The tech policy of Model UN conferences can sharply impact the strategy and planning that a delegate considers before the opening gavel. A systematic approach to the rules and regulations regarding technology is essential to competing in Model UN with success.
Research and Preparation
There is a stark difference between research when preparing for paper and tech conferences. Concerning paper conferences, I have three pieces of advice:
- Print, print, and print.
- Have all of your research with you, whether it be the background guide itself, a report issued by your country, or statistics about an obscure UN agency that you may or may not even use to achieve your mission.
- Make sure you have the materials necessary to convey to other delegates that your arguments and proposals are rooted in ethos and evidence.
Additionally, once you have printed all of your materials, organize yourself. Use that three-ring binder that you haven’t touched since middle school. Use those dividers, sticky notes, and highlighters to locate your materials efficiently. With tech conferences, you don’t have to be as meticulous when gathering materials; however, it’s still important to be proactive about research. Consider making a folder with annotated PDFs of reports from IGOs and NGOs and a document with links to various sources. With access to technology, it can be difficult to avoid the temptation of looking up every point of policy contention. If you can rationalize your argument and neutralize that of an opposing bloc without having to look it up, your skills as a delegate will only improve. As the name suggests, we are modeling the United Nations! Imagine if an ambassador got into a heated debate with their colleague and pulled up Google to prove them wrong… As delegates, we still must be knowledgeable about our country’s position and committee topics independent of search engines.
Resolution writing is one of the most essential parts of Model UN. One of the most affected aspects of a committee depends on a conference’s tech policy. Concerning paper conferences, delegates should bring plenty of lined paper, an assortment of colored pens, and sticky notes. It goes without saying that if delegates are going to author resolutions or amendments, they will need paper, but why pens and sticky notes? It is critical to know what each delegate wrote when collectively writing resolutions. So by bringing an assortment of pens, you ensure that it will be clear who authored what.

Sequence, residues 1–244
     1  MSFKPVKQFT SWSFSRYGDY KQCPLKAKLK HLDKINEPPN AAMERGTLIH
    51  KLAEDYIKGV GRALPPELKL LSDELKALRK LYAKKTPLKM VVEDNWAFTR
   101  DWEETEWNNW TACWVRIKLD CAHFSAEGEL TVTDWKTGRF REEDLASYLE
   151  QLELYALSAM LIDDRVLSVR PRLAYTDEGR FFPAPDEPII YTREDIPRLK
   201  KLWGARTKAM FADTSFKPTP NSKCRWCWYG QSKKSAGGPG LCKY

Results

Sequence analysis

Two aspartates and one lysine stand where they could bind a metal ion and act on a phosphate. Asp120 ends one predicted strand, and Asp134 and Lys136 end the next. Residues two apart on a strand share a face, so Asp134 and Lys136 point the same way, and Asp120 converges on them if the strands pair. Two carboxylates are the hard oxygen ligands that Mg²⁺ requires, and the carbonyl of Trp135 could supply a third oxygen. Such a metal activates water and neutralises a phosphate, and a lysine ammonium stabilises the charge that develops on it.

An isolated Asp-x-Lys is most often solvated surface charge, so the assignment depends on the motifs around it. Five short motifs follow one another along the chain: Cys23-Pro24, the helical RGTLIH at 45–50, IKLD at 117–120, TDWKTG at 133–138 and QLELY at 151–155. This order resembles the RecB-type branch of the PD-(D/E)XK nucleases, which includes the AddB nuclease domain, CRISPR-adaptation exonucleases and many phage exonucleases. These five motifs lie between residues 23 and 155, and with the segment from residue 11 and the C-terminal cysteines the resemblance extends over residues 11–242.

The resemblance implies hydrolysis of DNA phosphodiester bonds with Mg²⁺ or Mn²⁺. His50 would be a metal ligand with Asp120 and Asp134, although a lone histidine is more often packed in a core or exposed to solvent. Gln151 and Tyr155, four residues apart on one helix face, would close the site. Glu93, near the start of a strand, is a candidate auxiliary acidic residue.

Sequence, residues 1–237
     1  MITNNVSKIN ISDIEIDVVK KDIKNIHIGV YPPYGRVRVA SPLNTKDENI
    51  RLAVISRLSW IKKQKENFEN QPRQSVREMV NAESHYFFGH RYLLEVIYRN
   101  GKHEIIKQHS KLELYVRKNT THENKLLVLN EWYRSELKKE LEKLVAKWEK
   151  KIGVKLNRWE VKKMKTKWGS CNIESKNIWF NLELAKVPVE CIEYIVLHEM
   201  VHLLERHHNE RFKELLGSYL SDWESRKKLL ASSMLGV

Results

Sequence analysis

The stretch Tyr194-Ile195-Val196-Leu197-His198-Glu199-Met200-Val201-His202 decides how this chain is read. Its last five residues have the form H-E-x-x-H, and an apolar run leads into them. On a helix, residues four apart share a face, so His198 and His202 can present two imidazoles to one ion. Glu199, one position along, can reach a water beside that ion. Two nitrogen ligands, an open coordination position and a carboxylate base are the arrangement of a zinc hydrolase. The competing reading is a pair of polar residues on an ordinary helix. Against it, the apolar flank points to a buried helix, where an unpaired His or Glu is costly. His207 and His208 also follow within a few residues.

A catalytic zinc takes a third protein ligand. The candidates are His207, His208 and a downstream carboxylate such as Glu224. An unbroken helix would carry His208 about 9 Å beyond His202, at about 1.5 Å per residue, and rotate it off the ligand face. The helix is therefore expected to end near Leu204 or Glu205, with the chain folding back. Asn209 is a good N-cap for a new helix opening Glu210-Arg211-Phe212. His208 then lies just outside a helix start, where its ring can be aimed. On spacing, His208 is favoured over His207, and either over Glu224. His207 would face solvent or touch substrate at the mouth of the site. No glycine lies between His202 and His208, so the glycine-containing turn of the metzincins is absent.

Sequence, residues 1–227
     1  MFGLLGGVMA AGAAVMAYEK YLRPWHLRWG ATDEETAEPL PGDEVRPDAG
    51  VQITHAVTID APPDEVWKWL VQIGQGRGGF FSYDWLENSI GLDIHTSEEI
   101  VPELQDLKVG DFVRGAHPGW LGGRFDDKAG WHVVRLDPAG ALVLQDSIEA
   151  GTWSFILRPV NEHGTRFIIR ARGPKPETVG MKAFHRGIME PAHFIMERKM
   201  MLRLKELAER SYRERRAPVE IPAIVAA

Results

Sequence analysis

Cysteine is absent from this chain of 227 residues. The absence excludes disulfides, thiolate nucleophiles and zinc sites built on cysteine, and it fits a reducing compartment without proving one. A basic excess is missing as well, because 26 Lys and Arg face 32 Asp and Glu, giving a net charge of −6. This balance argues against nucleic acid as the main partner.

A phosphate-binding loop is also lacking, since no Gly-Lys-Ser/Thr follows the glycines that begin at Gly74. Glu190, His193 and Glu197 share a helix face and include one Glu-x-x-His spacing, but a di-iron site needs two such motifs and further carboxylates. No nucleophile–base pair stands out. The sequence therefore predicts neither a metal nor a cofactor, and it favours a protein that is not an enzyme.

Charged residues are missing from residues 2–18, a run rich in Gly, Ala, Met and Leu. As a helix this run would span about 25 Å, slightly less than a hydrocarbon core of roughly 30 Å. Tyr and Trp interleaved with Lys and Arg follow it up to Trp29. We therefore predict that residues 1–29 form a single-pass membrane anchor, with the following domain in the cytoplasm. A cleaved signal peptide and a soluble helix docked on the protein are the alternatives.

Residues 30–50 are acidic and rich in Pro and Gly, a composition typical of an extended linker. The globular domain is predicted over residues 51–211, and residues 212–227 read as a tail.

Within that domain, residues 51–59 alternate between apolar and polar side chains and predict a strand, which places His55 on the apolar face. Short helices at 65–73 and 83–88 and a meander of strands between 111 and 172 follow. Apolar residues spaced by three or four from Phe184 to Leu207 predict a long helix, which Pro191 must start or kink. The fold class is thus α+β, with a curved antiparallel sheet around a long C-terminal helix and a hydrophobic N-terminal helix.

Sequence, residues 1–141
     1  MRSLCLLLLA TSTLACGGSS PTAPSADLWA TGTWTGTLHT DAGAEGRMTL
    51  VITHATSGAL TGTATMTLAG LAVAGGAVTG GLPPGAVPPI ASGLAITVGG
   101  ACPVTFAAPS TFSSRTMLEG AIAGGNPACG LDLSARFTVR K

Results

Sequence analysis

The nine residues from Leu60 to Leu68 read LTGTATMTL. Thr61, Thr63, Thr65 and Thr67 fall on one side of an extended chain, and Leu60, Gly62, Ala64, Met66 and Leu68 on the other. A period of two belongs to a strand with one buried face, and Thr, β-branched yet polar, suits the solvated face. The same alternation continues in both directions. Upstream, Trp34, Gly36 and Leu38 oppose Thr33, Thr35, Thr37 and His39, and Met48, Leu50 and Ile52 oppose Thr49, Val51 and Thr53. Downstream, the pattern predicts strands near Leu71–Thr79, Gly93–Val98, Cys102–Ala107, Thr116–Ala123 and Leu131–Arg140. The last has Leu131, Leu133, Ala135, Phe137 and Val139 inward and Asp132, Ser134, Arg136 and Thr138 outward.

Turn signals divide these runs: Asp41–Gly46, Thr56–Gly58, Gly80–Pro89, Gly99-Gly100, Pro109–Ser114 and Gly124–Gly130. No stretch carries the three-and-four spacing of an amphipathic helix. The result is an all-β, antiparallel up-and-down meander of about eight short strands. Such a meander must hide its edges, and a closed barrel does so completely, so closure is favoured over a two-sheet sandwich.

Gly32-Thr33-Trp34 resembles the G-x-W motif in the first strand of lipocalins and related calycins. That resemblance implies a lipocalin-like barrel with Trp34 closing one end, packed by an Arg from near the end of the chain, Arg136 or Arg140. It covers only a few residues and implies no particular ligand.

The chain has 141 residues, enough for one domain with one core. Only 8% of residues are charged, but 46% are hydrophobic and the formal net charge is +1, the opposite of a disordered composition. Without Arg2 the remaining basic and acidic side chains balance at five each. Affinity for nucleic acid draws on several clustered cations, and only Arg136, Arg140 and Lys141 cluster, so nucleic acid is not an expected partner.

Moreover, when it comes time for choosing who to represent the bloc during Q and A, it will be clear who has authored the most and can best speak for the resolution. Additionally, if a delegate in your bloc (or a rival one) doesn’t have a colored pen, lending them one could be viewed as extending an olive branch of peace. Sticky notes are essential because they allow delegates to outline possible clauses and subclauses during the initial stages of writing a resolution. Bloc leaders can later determine in what order they want clauses to go in or if they even wish to the clause. Similarly, delegates should type their contributions in different colors with tech conferences to avoid confusion about who wrote what.
Furthermore, delegates should use the suggestion and comment mode features offered in Google to give feedback. Most importantly, with tech-based conferences, delegates should insist upon seeing the edit history before collaborating with an assigned delegate. When working papers are submitted to chairs, chairs will view the edit history, and in a committee where there is a writing ban, if there are edits made before the beginning of the committee, that working paper will be disqualified!
Remember to be mindful of the rules and your fellow delegate’s adherence to those rules during Model UN conferences. Don’t allow their decisions to prevent you from earning awards come closing ceremonies.
With the growing diversity of Model UN circuits and the continued possibility of online conferences, it is crucial to know how to approach the contrasts between paper and tech permitting conferences.